While there are numerous reports in the literature of the clinical performance of visual field screening strategies (for example, see prior studies1,3,5), in-detail descriptions of the development decisions underpinning screening tests are fewer. Clearly, it is essential to test performance in a clinical setting; however, computer simulation studies allow the performance of a test procedure to be studied exhaustively, enabling robust selection of the test parameters and algorithmic choices beforre clinical evaluation. A clear advantage of computer simulation is that it allows the experimenter to know the “true” sensitivity of the simulated observer. This is never the case when testing humans as all measured thresholds are estimates and, therefore, are susceptible to variability, response errors, and any biases in the algorithms used to estimate the thresholds. Of course, simulation studies have their own limitations, specifically the various assumptions regarding the performance of the simulated observers. In the case of perimetry using size III white-on-white targets, however, there is a wealth of empirical data documenting typical response errors, frequency of seeing curves, and typical thresholds in those with normal and abnormal vision that enable reasonable assumptions to be made for the purposes of the simulations. 
Indeed, assessing the success of a screening procedure in a clinical or community setting is nontrivial and depends on the choice of “gold-standard” against which the screening test results are compared. Screening tests compare to some normative limits, hence the relevance of the normative population in the database to the population being screened is key to the outcomes. In this study, the normative data used were from the database of the O600 perimeter which included participants free from eye disease, with refractive error between +6 and −6 diopters (D) and with no systemic health conditions known to affect visual function or likely to impact on perimetric performance. We used a different database of normal and glaucomatous visual fields to assess and tailor the performance of various possible variants of the screening procedure. We considered these populations to be fairly representative of most people with normal vision and those with glaucoma; however, the performance of the screening procedure in any given population will depend on the validity of the norms. We also assumed significant numbers of response errors might occur in untrained populations; however, with careful instruction and the very short test procedure, we expect these should be reduced in practice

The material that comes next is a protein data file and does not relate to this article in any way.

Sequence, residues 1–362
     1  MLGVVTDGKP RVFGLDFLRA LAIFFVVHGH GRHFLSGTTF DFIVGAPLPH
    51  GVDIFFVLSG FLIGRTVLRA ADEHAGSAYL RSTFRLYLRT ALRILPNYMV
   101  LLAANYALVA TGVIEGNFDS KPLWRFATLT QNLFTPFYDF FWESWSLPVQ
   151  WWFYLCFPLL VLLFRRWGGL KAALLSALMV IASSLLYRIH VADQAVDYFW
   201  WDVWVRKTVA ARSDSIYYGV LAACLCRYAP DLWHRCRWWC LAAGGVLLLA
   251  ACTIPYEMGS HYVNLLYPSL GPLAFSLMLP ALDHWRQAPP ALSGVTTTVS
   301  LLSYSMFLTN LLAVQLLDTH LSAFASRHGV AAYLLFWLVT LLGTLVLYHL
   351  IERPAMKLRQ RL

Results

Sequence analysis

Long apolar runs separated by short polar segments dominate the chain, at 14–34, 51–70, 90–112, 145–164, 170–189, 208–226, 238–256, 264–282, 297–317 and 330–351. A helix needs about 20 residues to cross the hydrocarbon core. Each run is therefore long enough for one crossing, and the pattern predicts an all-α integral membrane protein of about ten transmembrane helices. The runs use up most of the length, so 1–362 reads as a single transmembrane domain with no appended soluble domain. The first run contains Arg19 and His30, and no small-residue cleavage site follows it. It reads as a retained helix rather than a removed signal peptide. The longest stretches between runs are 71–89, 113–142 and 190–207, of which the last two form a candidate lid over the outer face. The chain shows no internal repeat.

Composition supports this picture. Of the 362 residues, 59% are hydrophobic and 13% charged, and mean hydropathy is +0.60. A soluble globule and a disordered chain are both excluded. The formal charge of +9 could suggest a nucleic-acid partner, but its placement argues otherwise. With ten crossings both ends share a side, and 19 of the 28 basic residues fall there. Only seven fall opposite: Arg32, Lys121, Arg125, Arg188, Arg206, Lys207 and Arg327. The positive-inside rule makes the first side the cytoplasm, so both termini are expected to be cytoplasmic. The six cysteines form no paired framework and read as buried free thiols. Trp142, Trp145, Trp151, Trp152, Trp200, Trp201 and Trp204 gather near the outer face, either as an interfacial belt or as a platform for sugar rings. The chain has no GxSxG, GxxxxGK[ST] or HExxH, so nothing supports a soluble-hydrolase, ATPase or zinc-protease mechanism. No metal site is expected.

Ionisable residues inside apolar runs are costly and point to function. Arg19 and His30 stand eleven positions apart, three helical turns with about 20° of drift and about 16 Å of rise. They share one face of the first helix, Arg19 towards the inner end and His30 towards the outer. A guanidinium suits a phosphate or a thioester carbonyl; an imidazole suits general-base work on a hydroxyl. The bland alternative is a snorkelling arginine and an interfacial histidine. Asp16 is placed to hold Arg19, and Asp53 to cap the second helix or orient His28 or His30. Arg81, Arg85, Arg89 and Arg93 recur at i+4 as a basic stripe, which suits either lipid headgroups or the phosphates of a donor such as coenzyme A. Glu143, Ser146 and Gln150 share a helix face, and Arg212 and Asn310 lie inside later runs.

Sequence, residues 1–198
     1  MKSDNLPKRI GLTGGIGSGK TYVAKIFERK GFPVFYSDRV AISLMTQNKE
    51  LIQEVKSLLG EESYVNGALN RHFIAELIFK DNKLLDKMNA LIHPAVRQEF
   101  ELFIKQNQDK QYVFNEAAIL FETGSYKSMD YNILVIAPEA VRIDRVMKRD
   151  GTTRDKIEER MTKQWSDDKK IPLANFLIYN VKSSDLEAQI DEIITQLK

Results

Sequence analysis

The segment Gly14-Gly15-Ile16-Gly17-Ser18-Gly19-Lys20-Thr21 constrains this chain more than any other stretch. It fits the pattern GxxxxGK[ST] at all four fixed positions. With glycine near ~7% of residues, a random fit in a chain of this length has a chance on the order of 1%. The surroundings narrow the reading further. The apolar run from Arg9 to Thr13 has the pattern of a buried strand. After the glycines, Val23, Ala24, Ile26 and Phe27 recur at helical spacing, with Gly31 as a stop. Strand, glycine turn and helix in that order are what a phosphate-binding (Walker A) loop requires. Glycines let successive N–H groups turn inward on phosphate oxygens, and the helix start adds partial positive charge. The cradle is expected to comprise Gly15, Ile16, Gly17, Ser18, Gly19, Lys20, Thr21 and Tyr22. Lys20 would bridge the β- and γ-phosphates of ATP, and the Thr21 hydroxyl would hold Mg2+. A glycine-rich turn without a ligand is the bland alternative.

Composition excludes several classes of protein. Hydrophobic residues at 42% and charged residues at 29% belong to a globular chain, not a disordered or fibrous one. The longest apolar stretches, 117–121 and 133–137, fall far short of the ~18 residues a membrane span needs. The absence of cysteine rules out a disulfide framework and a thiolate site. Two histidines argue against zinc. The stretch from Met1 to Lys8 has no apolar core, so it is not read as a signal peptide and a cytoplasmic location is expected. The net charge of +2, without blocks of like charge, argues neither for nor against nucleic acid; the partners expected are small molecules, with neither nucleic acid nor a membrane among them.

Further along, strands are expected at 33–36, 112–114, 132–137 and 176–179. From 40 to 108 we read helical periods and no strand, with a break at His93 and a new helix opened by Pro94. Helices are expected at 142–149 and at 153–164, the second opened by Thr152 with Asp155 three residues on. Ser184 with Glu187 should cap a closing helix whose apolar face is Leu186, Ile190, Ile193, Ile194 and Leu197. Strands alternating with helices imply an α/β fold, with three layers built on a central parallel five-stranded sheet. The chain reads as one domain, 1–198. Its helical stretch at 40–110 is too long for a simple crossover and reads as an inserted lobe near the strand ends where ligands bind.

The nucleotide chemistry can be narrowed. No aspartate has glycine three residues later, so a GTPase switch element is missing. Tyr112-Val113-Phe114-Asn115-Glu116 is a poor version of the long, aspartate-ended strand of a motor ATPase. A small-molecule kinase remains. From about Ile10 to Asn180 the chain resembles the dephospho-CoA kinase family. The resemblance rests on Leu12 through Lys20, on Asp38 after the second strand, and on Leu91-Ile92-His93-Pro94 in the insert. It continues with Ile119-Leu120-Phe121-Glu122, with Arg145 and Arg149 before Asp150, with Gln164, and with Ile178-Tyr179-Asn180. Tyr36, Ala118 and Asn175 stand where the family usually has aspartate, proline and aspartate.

In this study, we chose to reduce the number of visual field locations from the more standard G (Octopus perimeter) or 24-2 (Humphrey Field Analyzer) test, to a subset of locations deemed most likely to carry unique information about the likelihood of visual field abnormality. The purpose of the screening procedure is to identify an abnormality, not to characterize the spatial nature of the abnormality, hence the decision to reduce test-time by testing fewer locations. Our experiments evaluating the performance of the test procedures were biased towards the detection of glaucoma; however, it should be noted that additional test locations were added to the locus of test points to ensure that visual field defects typical of cortical origin, and those due to common retinal abnormalities, such as macular degeneration, should also be identified. Nevertheless, it should be noted that all visual field test strategies only sample a tiny minority of the total spatial area of the visual field so will always struggle to identify small areas of localized loss. 
In summary, we described a framework for the development of a screening visual field test procedure and highlighted many of the factors that must be considered in such development. The test used a multisampling approach that is predicted to take less than 1 minute to complete in individuals with normal vision, and tests spatial locations likely to carry significant information content regarding the likelihood of disease. Further evaluation of performance in a variety of screening settings is now warranted.